There are lots of apps or online services out there which will enable anyone to produce a simple explainer animation and put text on the screen to tell their story, and these people are entirely missing the point. The explainer video is there not so much to support the text on screen, but to actually replace it. People watch these videos because they cannot be bothered to read what your company is all about, and yet there are so many instances of videos which people are still forced to read.

Don’t confuse your explainer video with an infographic – they’re not the same thing. An infographic is informative, but is it engaging and entertaining? Unlikely. If you want people to read films, direct them to their nearest foreign film festival – otherwise, have the story told by a professional voice over.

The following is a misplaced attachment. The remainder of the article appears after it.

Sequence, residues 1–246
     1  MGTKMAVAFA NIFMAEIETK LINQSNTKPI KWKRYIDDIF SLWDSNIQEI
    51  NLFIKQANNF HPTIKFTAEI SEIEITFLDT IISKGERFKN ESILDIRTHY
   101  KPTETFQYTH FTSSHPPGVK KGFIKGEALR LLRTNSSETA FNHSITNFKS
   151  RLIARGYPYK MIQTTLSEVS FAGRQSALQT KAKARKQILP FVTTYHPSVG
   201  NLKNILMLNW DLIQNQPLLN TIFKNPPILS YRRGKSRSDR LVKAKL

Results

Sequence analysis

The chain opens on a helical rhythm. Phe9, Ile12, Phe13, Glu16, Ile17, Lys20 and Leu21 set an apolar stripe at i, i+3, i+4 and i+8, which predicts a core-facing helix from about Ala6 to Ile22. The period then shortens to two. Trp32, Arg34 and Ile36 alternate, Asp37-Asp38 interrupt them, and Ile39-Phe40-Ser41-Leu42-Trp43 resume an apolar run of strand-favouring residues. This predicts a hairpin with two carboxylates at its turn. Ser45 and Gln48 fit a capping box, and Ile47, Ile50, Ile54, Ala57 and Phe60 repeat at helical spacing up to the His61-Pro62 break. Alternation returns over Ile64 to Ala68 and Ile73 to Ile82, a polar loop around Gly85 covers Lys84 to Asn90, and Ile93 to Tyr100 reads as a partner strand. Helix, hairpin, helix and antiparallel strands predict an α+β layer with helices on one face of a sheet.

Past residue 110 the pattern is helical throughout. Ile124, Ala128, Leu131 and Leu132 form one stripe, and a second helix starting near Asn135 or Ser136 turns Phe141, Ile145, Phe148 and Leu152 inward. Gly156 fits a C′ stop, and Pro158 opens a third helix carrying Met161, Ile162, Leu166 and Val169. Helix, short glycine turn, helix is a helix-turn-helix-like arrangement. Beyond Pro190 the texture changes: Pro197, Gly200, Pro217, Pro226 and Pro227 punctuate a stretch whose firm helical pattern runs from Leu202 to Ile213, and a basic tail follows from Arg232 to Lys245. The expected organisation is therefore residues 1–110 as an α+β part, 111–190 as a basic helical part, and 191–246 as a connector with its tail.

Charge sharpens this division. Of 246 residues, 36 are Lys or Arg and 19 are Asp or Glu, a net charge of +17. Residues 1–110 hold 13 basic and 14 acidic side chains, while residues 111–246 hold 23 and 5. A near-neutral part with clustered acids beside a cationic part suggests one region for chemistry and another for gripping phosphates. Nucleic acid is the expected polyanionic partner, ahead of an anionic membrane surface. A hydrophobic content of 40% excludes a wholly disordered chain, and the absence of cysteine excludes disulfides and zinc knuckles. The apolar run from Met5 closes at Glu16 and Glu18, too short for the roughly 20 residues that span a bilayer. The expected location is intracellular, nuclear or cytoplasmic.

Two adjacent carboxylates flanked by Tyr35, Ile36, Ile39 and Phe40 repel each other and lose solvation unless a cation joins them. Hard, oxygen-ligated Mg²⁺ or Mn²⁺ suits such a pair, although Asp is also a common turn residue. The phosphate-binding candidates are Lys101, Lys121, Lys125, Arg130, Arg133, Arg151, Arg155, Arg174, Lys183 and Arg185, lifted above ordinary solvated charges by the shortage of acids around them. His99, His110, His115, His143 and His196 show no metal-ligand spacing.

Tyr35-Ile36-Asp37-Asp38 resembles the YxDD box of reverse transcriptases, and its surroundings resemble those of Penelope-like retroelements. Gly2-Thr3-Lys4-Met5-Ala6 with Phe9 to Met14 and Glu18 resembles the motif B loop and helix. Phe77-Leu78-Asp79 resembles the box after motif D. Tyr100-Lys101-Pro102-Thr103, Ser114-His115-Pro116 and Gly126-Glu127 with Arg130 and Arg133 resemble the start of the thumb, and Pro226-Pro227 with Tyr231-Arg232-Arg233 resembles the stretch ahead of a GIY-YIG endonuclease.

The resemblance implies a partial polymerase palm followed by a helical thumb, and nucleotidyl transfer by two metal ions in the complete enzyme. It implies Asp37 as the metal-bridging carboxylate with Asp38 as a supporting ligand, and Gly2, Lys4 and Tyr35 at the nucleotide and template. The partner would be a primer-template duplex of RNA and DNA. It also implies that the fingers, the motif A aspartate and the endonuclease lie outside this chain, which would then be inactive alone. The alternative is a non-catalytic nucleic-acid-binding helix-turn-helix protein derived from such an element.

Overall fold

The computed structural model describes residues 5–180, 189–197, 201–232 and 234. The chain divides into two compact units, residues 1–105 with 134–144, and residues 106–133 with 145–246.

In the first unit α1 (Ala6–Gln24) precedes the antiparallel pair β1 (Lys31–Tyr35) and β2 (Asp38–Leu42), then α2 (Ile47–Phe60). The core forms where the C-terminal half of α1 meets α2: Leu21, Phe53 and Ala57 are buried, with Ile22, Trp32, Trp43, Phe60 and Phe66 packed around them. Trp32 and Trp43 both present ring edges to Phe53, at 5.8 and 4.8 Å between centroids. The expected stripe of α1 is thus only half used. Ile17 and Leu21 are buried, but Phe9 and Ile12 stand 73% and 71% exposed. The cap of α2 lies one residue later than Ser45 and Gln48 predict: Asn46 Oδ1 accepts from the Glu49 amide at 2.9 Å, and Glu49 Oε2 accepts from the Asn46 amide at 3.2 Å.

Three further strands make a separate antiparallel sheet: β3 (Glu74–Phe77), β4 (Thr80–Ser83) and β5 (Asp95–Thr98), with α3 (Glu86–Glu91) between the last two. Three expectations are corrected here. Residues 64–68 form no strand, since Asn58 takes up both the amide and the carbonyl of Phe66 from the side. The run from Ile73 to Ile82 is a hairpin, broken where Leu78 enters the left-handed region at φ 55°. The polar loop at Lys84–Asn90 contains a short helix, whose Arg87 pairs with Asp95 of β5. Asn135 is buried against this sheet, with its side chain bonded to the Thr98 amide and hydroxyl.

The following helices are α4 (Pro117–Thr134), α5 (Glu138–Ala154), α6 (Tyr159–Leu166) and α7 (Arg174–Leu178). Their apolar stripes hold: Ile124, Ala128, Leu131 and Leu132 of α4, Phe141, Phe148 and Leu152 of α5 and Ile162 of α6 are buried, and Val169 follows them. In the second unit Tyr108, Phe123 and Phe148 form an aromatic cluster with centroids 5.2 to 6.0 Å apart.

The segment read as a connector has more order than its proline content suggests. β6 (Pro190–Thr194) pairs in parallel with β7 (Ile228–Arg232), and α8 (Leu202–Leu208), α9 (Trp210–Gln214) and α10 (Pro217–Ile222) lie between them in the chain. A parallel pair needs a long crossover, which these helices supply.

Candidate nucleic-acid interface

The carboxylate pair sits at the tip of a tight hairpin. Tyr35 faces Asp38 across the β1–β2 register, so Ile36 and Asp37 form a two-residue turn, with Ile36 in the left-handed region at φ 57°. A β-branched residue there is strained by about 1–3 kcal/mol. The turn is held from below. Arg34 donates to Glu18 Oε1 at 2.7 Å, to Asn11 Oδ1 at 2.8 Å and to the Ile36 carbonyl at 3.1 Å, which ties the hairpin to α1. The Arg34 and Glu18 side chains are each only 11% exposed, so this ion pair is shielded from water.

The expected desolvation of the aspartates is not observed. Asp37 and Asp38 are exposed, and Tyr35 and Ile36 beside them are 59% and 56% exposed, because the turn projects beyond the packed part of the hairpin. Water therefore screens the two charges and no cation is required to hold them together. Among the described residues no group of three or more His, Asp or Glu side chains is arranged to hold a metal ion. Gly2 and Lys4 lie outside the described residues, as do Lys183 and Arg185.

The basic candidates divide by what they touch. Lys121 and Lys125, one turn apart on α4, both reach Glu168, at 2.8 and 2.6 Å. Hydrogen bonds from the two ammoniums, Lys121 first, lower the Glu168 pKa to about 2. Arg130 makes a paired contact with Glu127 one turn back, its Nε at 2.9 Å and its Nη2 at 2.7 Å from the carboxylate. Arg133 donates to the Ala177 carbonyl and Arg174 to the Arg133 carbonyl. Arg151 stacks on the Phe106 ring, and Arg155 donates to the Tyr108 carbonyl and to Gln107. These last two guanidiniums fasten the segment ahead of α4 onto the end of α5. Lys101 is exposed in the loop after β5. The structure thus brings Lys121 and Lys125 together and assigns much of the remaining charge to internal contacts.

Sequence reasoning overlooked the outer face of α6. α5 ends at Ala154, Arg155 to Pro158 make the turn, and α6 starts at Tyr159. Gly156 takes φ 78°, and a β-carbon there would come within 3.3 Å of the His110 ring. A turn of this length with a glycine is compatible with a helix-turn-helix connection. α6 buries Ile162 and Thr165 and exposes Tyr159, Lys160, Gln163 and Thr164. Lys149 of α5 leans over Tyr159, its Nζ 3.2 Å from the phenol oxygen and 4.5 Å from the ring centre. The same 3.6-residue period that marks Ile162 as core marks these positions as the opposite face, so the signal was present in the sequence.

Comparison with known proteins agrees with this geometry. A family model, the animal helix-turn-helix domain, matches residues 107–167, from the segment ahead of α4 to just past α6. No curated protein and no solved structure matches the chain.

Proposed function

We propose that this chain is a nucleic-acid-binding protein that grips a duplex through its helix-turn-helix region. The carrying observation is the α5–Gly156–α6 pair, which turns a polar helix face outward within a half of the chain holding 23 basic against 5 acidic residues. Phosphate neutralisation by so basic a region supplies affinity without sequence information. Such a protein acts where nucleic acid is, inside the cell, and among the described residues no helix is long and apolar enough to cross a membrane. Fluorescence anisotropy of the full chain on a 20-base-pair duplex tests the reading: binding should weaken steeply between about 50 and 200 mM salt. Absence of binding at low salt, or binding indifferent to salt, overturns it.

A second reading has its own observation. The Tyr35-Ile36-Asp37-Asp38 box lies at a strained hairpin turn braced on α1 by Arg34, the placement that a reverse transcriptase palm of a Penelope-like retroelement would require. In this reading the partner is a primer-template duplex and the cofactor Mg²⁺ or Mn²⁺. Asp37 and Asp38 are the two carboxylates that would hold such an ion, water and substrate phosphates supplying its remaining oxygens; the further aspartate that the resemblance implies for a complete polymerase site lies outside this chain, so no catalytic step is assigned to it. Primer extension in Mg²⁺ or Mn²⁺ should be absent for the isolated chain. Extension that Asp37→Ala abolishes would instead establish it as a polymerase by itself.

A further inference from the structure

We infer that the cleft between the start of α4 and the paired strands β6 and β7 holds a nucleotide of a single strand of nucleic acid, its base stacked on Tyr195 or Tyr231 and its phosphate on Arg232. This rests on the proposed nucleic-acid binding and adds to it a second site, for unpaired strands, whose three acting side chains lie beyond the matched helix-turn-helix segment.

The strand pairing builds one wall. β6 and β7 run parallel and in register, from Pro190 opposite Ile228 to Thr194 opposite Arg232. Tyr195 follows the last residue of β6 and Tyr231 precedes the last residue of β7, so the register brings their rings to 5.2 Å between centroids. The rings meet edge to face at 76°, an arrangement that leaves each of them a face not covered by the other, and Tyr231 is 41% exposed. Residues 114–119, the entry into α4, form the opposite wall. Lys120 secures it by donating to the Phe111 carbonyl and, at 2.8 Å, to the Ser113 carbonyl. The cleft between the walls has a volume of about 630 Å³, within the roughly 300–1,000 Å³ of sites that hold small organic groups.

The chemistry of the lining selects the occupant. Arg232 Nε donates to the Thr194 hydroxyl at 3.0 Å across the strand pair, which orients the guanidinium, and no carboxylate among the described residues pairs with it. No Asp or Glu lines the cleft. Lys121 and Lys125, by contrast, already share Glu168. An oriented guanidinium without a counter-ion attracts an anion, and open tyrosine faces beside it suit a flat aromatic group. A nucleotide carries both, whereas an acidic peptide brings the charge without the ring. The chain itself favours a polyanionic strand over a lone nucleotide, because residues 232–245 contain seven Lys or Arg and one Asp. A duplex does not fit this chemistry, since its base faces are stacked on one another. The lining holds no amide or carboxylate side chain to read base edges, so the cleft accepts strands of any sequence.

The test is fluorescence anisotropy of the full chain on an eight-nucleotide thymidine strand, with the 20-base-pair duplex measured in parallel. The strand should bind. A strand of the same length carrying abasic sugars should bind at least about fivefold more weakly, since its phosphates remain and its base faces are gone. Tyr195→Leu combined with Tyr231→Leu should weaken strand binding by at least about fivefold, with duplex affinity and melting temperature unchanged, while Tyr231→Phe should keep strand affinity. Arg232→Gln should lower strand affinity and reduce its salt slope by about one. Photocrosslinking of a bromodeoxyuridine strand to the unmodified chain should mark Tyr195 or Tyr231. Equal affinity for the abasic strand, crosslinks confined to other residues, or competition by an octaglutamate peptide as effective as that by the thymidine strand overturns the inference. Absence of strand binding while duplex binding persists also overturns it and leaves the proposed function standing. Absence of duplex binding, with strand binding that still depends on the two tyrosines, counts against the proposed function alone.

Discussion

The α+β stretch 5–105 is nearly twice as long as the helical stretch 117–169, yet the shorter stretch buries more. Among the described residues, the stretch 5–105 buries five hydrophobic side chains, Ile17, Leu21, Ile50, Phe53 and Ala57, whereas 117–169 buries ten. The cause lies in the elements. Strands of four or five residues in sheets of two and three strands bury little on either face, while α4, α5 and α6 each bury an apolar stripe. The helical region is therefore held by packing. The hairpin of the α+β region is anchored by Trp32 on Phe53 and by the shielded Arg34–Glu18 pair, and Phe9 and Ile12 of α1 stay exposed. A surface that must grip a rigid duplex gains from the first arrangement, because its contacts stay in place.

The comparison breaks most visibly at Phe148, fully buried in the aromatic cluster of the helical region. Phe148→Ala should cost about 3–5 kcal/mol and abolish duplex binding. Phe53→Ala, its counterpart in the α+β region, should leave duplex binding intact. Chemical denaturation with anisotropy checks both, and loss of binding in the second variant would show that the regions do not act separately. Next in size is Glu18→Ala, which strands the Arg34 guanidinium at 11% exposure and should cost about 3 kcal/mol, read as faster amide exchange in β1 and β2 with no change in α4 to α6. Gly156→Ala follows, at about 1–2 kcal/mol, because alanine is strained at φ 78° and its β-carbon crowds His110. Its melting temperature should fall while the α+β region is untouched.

Tip number 5 – Reflect Your Brand

A happy go lucky cartoon with a smiling character, lots of colour and banjo music may seem like the staple for many an explainer video, but if your company deals in, say, critical illness cover, it may not seem all that appropriate.

Your video needs to reflect your brand, and that means in every aspect – animation style, music choices and voice over. In the first instance, storyboarding your video and sharing your ideas with your team could prove the most effective way to stop you from making bad choices in these areas. Beyond that, your choice of voiceover artist could prove to be so much more valuable to you than that of a mere voice. He or she will understand production value, and can advise you whether or not your script needs any modification to truly reflect your brand.

Of course, many voice overs will simply read the script that you provide, because they won’t know that you’re someone who’s looking for feedback and guidance, so make sure you tell them that you are. They’re the experts, so use their expertise.

Tip Number 6 – Don’t Do It Yourself